Early in the morning of June 1st, the Union troops started to enter the town of Faifax. They captured the advance picket/guard of the town. As they entered the town, they came under fire from the windows and roofs of the buildings. There were 3 Confederate companies in the town. There was 2 calvary companies and 1 light infantry company.
After the initial contact, the Union troops fell back not knowing the true strength of the Confederates. Regrouped, the Union proceeded back through the town and headed to Germantown, which was about 1.5 miles away. The 2 Confederate calvary units were so poorly armed and equipped that they couldn't put up a sustained fight.
While the Union troops were in Germantown, the Confederate troops from the surrounding areas heard the skirmish and came to the aid of the Faifax troops. This increased the Confederate troop strength to about 1,000 men.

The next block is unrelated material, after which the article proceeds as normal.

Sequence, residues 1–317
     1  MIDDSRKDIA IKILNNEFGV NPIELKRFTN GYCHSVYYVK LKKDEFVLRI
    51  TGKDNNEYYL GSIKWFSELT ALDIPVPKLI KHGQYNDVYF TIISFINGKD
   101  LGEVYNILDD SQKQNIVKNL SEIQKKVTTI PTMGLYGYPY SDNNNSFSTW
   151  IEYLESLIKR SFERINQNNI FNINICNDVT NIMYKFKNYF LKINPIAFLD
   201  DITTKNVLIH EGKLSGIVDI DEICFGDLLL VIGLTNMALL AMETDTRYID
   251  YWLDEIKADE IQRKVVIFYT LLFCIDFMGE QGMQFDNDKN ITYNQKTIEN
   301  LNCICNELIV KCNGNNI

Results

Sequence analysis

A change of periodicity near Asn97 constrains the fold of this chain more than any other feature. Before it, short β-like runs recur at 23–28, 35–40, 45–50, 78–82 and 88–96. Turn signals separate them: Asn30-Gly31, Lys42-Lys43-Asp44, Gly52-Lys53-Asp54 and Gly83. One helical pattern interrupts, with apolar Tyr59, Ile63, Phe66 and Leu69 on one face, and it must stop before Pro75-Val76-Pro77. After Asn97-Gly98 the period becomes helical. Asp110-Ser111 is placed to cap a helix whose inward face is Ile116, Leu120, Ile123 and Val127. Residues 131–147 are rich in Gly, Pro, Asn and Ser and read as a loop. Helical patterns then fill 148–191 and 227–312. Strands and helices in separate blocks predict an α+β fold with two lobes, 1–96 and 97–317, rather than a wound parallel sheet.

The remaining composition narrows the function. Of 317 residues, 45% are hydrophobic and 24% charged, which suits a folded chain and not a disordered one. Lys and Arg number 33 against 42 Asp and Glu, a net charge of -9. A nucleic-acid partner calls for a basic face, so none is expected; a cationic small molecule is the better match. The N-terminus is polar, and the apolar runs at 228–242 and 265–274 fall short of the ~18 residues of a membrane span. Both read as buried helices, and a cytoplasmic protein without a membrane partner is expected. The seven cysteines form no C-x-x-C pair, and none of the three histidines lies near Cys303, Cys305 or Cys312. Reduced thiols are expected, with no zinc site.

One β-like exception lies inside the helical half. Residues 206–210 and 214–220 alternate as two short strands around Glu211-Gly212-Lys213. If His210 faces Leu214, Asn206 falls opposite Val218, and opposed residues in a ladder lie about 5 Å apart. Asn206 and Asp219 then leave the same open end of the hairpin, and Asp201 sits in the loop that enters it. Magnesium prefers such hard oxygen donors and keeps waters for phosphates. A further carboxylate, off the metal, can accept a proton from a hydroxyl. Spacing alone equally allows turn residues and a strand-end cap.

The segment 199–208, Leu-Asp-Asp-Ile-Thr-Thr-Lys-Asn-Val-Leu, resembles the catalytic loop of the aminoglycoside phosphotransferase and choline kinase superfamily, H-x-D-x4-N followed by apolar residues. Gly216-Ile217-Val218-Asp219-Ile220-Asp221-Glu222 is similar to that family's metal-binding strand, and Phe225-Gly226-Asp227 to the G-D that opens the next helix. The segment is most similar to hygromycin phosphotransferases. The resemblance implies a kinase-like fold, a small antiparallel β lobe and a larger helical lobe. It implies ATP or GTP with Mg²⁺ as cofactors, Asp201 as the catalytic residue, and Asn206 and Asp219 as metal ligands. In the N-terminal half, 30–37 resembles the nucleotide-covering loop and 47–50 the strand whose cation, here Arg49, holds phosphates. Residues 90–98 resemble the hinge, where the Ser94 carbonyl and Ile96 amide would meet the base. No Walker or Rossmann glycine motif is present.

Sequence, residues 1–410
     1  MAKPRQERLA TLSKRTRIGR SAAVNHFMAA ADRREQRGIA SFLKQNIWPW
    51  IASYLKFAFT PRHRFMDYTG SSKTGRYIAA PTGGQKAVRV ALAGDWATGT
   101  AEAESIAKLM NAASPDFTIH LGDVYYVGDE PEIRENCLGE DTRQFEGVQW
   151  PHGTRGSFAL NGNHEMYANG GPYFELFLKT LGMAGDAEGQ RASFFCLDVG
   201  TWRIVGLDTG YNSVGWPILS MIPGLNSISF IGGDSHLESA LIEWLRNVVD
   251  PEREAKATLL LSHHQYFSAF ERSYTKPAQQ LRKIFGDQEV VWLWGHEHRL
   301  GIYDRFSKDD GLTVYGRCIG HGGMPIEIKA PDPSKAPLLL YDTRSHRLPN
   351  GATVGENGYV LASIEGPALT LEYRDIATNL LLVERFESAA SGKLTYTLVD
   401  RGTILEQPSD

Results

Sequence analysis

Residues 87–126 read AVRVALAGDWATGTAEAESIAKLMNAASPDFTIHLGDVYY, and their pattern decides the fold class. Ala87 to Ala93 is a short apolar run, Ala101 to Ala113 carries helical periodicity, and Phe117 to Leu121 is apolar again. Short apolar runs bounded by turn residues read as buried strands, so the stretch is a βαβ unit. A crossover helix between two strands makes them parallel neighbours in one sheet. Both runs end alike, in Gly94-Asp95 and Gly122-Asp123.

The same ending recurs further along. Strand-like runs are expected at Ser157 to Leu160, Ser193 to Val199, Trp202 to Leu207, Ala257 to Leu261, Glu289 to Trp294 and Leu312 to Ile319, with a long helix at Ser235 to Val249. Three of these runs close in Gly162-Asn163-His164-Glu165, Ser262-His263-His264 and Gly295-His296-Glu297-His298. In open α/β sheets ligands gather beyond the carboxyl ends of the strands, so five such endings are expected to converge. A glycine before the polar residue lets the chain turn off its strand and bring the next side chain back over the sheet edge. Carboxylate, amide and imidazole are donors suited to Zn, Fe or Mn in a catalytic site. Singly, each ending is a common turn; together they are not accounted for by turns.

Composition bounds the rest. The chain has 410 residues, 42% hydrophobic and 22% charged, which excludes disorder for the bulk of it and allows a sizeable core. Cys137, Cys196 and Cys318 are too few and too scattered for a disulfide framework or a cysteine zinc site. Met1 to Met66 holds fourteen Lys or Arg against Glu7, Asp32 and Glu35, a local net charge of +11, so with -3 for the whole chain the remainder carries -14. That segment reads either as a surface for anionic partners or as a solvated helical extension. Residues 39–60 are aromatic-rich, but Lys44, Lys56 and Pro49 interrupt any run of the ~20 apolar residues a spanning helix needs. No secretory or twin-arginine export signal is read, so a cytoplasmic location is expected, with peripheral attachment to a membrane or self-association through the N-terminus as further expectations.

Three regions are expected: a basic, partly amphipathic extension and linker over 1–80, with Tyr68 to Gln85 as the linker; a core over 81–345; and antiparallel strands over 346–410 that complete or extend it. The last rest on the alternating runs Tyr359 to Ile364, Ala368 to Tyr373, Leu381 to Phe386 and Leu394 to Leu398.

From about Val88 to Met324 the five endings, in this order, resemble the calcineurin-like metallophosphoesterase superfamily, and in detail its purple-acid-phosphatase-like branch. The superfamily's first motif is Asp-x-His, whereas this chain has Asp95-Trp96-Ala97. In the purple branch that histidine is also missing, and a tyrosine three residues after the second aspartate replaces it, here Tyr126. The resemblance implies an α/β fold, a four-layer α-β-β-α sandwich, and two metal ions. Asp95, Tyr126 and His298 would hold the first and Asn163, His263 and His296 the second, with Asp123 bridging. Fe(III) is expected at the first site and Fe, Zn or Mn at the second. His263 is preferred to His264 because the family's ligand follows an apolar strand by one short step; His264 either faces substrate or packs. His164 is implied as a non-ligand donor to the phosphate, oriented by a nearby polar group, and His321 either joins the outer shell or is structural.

When the Union troops headed back to Fairfax, they were met with a strong resistance. They couldn't go back through the town like the way they came. The Confederates pushed the Union troops back, and forced them to retreat through the nearby fields by Flint Hill
This was a small skirmish with a Confederate victory which boosted the morale of the troops. This description of the skirmish was taken directly from the actual battlefield reports and post-battle transcripts of both opposing commanders.